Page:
Billy Paul, the singer, who has died aged 81, was best known for Me and Mrs Jones (1972), the sultry and heart-rending "Philadelphia Soul" love song which describes the pangs of a man having an extra-marital affair with a married woman; the track was Paul's only No 1, but his achingly smooth and faintly lisping rendition has endured for decades.

He was born Paul Williams in North Philadelphia, Pennsylvania, in 1934. His childhood was steeped in music and his naturally high voice and adaptable vocal range meant that he had a particular affinity for female soul and jazz singers. "They just did more with their voices," he later explained, "and that's why I paid more attention to them."

Educated at the West Philadelphia Music School and the Granoff School of Music, by the time Paul was 16 he was performing at the ritzy West Philadelphia jazz hotspot Club Harlem, where he appeared on the same bill as Charlie Parker, a year before Parker's death.

After changing his name to Billy Paul, he was soon being booked for regular club appearances and concert performances on the Philadelphia music scene. In 1952 he recorded his first single, Why Am I, in New York, described by Billboard magazine as the "expressive warbling of a moody ballad, by the label's new 16-year-old chanter".


Paul recorded several more discs before being drafted, in 1957, into the US Army, where he served alongside Elvis Presley in Germany and performed with the 7th Army Band. In 1959, after being discharged, he returned to the music scene and had a spell in the ever-changing line-up of Harold Melvin's popular Philadelphia soul group, the Blue Notes. During this time, Paul met and befriended Marvin Gaye, who was also working as a jobbing singer with the emerging soul groups.

In the late 1960s Paul and his wife (also his manager), Blanche Williams, were approached by Kenny Gamble who, with his songwriting and producing partner, Leon Huff, would go on to create the Philadelphia soul sound for their label, Philadelphia International Records (PIR).

Gamble signed Paul to his label and in 1968 he released his first album, Feelin' Good at the Cadillac Club, although it was not a commercial success. With Gamble & Huff's formation of PIR, however, Paul found himself joining a family of new acts who combined soul and jazz with funky dance grooves.

In 1972 he released the album 360 Degrees of Billy Paul, on which he had included Me and Mrs Jones. The yearning lyrics of the song - which was written by Gamble and Huff with Cary Gilbert, and has since been covered by artists ranging from Michael Buble to the actress Sandra Bernhard - were brought to life by Paul's effortless and occasionally soaring vocals. It became the torch song for adulterous spouses and reached No 1 in the US charts in 1972 and was a British Top 20 hit the following year. It sold two million copies and went on to win Paul a Grammy Award.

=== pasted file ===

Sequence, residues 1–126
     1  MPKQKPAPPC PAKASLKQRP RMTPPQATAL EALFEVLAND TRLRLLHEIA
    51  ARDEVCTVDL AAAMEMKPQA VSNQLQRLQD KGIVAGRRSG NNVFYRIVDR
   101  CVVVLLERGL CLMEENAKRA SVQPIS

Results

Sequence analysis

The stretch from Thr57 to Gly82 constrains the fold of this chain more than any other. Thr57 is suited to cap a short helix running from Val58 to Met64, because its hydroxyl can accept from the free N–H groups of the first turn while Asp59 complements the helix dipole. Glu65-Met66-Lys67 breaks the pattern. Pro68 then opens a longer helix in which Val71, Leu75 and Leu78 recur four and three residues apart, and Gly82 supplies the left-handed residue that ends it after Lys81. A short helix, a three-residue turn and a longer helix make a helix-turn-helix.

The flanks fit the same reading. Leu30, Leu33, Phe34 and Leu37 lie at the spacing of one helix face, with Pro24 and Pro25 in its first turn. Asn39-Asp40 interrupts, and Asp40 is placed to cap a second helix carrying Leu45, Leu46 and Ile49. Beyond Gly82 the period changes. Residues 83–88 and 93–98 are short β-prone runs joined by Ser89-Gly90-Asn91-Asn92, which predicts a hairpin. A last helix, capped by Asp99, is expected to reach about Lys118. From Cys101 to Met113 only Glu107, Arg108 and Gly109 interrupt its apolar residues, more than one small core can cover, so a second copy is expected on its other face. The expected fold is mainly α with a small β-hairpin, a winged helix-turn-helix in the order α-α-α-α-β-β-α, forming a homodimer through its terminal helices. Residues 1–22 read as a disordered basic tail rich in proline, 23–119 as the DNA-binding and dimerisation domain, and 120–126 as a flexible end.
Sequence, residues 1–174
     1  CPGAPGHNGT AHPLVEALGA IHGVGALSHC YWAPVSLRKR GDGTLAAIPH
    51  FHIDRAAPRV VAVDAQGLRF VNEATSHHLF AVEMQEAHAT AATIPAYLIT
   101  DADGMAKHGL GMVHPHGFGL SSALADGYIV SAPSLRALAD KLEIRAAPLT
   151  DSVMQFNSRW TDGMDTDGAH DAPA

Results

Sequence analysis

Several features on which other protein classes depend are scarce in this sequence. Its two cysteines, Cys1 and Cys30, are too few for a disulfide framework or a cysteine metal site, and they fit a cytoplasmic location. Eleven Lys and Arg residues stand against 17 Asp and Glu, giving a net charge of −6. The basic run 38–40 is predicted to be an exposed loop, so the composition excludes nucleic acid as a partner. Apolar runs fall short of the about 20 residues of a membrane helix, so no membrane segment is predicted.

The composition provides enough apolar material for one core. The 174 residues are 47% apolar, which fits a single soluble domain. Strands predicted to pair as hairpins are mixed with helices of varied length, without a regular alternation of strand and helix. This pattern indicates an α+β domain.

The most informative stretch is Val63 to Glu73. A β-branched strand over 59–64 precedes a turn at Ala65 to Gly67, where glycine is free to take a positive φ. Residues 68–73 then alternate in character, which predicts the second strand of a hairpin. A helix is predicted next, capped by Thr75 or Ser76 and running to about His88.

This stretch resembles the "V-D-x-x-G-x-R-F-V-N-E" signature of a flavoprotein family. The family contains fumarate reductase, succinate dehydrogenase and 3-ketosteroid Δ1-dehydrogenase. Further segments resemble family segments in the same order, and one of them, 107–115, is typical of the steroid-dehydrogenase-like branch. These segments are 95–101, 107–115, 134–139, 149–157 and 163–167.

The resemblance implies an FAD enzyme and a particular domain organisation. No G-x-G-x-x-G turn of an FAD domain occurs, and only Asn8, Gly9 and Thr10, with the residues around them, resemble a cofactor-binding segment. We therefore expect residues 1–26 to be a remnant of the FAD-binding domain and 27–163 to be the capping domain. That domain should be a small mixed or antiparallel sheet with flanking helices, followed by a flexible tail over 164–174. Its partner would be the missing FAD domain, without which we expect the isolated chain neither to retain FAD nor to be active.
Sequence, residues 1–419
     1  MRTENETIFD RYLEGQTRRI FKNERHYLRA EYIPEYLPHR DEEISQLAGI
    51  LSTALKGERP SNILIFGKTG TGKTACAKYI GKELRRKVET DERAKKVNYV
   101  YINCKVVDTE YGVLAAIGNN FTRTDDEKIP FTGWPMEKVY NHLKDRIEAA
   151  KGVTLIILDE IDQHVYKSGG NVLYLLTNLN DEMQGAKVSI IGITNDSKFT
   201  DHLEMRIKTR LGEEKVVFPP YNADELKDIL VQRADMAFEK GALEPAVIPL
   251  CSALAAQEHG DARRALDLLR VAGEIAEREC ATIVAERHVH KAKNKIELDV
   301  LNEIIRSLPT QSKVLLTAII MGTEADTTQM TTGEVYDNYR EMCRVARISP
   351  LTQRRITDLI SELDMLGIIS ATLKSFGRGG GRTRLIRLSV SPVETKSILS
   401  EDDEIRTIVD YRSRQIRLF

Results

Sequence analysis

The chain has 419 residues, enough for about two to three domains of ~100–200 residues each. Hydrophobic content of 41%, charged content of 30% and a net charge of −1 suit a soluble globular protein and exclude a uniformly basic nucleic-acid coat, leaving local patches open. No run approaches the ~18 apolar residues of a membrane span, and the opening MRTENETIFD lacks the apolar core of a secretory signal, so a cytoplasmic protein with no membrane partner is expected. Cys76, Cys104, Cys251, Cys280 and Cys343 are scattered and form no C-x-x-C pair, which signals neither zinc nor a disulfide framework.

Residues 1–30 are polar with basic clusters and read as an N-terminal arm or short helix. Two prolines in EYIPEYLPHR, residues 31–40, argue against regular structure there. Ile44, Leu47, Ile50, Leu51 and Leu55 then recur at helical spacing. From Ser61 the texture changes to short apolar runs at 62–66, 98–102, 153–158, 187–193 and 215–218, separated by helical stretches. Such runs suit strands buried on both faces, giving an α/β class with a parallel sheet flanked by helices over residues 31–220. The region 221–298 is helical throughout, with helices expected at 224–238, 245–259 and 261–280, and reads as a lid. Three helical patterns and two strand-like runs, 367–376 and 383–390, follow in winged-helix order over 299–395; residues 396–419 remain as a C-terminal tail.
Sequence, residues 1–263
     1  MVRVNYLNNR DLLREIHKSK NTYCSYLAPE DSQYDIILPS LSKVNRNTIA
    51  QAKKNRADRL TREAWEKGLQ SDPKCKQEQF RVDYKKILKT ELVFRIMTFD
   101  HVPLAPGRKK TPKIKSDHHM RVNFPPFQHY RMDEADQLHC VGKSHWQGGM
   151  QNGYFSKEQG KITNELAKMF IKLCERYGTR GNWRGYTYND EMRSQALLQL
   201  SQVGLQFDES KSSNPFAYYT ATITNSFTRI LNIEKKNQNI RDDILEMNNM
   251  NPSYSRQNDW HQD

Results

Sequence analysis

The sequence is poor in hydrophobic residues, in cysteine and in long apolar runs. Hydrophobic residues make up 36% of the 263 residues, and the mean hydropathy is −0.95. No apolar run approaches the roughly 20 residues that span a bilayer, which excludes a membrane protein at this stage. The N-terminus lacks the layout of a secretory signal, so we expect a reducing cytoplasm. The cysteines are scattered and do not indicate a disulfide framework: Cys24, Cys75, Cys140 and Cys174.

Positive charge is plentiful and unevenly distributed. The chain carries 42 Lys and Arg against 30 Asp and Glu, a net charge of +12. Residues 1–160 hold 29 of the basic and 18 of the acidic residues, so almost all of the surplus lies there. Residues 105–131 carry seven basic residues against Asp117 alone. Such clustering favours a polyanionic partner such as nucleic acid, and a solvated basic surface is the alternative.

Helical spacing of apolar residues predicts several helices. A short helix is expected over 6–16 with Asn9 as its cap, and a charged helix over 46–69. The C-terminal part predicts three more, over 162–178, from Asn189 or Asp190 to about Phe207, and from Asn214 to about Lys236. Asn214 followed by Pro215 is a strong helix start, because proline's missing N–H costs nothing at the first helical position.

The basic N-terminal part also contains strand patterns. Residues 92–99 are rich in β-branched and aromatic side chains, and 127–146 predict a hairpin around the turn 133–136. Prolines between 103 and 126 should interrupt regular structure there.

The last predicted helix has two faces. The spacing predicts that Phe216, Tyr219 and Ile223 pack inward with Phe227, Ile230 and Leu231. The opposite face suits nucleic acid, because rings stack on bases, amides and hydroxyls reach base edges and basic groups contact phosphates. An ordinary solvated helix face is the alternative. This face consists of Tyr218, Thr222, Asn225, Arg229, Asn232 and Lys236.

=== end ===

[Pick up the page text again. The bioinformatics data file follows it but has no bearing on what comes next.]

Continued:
It was also the first No 1 for PIR, and it was expected that Paul would soon release another smoochy soul classic. It was, therefore, somewhat surprising to Paul when he followed it up with Am I Black Enough for You?

The song failed to achieve the crossover success of Mrs Jones and was later adopted by the Black Power movement.

Paul revealed that he had not wanted to release the single. "But the company felt I had to get over to the black audience this time round," he recalled in 1973. "And there can be no arguing about that - the record is one of the top sellers in the black areas and one of the most requested records around the stations. I don't really think anybody expected it to be a pop hit."

Commercially it proved difficult for Paul to recover from such an overtly political track, and he never achieved the recognition or mainstream fame of some of his contemporaries.

His single, Let's Make a Baby (1976), also attracted controversy, although this time because of lyrics which were regarded as too explicitly sexual. Some American radio stations tried to ban the song.

In 1977 Paul recorded a version of Paul McCartney's Wings song Let 'Em In, changing the lyrics to include a list of civil rights leaders, including Martin Luther King and Malcolm X. That same year he joined Lou Rawls, Archie Bell, Teddy Pendergrass, Dee Dee Sharp Gamble, and Eddie Levert and Walter Williams as part of the Philadelphia International All-Stars singing the outrageously groovy Let's Clean Up the Ghetto.

Paul continued to record in the late 1970s and 1980s, playing at small venues and festivals into his 70s.

In 2009, he was the subject of a documentary, Am I Black Enough for You?, in which it was revealed that he had had a spell as a cocaine addict before recovering with the help of his wife. The couple were described as coming across as "a jazzy Darby and Joan". Paul is survived by his wife and their two children.